1901, Prussia, Wilhelm II. Silver 2 Mark “200th Anniv. of the Kingdom” Coin.
Mint Date: 1901
Mint Place: Berlin (A)
Denomination: 2 Mark – 200th Anniversary of the Kingdom of Prussia
Obverse: Conjoined, armored and draped busts of Emperor Wilhelm II (helmeted) and Frederick I of Prussia (wreathed) left.
Legend: + FRIEDRICH I 1701 WILHELM II II 1901
Reverse: Crown of the German Empire above heraldic eagle of Germany with prussian shield at chest and star order.
Legend: DEUTSCHES REICH 1901 * ZWEI MARK *
For your consideration a beautiful commemorative 2 Reichsmark coin issued to commemorate the 200th anniversary of the Kingdom of Prussia. We see here the conjoined busts of Frederick I, who was the 1st King of Prussia and Wilhelm II as German Emperor and current King of Prussia, which shows the consistency of the Prussian Kingdom on its 200th Anniversary. A nice commemorative issue with proofl-like reverse!
Wilhelm II (German: Prinz Friedrich Wilhelm Viktor Albert von Preußen; English: Prince Frederick William Victor Albert of Prussia) (27 January 1859 – 4 June 1941) was the last German Emperor and King of Prussia (German: Deutscher Kaiser und König von Preußen), ruling both the German Empire and the Kingdom of Prussia from June 15, 1888 to November 9, 1918.
The German Emperor Wilhelm I died in Berlin on 9 March 1888, and Prince Wilhelm’s father was proclaimed Emperor as Frederick III. He was already suffering from an incurable throat cancer and spent all 99 days of his reign fighting the disease before dying. On 15 June of that same year, his 29-year-old son succeeded him as German Emperor and King of Prussia.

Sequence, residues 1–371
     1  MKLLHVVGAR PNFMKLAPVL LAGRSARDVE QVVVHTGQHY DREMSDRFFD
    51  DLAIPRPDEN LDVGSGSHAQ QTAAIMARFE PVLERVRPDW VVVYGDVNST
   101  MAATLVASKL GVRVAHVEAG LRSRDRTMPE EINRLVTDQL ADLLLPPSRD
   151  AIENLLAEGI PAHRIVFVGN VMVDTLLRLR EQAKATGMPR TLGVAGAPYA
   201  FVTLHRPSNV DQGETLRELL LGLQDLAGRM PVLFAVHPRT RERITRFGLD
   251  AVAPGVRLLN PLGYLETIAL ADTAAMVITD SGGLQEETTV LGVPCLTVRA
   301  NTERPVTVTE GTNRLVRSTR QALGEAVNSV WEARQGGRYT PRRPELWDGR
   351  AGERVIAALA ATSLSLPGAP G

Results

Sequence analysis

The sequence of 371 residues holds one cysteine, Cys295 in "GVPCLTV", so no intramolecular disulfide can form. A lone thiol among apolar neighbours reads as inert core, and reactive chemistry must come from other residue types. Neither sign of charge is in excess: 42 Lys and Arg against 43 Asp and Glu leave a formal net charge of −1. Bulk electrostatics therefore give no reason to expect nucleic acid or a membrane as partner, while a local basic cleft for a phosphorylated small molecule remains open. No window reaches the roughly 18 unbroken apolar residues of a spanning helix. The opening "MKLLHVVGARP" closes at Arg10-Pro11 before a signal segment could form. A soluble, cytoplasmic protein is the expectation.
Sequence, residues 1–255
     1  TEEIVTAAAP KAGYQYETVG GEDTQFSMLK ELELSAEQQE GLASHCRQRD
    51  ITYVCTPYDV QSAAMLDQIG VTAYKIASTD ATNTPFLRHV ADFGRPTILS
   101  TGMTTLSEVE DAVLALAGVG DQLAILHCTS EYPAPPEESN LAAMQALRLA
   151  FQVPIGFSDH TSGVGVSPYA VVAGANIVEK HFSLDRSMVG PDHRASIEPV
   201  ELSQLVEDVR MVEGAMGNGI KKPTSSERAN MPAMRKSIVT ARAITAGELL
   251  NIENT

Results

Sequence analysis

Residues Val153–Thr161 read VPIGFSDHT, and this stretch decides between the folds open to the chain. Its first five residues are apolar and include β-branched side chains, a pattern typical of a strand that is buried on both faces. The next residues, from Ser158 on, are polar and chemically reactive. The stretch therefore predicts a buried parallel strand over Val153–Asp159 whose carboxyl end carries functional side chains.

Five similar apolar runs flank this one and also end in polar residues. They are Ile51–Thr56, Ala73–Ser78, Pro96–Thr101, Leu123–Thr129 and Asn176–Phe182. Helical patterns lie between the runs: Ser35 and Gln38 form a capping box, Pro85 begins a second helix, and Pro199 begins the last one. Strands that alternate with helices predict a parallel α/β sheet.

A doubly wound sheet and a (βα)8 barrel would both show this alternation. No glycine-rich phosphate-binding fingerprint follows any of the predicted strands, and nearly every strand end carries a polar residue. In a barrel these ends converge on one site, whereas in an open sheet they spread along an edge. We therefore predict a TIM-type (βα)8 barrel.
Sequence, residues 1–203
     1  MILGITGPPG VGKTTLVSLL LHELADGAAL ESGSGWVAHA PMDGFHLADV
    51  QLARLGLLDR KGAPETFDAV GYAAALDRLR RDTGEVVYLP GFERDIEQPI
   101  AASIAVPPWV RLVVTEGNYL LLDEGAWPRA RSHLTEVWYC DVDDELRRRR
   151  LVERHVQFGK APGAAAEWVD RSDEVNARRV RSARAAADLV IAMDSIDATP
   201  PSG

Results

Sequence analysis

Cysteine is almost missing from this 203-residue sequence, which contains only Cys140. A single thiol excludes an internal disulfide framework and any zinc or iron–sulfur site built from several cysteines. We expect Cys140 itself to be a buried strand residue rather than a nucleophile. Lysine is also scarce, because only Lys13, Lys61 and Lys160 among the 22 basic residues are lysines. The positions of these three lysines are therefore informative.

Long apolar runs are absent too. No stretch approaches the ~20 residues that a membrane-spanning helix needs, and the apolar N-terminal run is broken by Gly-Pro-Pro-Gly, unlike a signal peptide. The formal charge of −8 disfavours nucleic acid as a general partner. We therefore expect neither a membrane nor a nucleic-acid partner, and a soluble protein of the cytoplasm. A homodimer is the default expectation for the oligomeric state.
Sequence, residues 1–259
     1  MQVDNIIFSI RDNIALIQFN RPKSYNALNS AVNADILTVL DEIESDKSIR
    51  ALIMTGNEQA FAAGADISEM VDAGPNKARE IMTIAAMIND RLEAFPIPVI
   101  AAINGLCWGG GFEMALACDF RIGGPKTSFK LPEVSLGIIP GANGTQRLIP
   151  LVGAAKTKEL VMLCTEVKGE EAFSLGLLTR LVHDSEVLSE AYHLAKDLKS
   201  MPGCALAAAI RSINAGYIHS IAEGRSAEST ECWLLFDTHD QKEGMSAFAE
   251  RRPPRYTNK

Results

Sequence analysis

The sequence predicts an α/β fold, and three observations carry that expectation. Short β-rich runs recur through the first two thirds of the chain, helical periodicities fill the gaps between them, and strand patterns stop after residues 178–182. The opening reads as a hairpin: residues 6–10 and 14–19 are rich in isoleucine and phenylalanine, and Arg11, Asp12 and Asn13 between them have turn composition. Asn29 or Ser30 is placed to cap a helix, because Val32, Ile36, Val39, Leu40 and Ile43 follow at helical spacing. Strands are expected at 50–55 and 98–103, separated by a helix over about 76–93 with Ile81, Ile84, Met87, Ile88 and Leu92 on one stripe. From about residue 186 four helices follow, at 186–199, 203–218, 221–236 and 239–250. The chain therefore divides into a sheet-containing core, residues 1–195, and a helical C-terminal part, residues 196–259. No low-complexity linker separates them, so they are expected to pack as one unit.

Although in his youth he had been a great admirer of Otto von Bismarck, Wilhelm’s characteristic impatience soon brought him into conflict with the “Iron Chancellor”, the dominant figure in the foundation of his empire. The new Emperor opposed Bismarck’s careful foreign policy, preferring vigorous and rapid expansion to protect Germany’s “place in the sun.” Furthermore, the young Emperor had come to the throne with the determination that he was going to rule as well as reign, unlike his grandfather, who had largely been content to leave day-to-day administration to Bismarck.
Early conflicts between Wilhelm II and his chancellor soon poisoned the relationship between the two men. Bismarck believed that William was a lightweight who could be dominated, and he showed scant respect for Wilhelm’s policies in the late 1880s. The final split between monarch and statesman occurred soon after an attempt by Bismarck to implement a far-reaching anti-Socialist law in early 1890.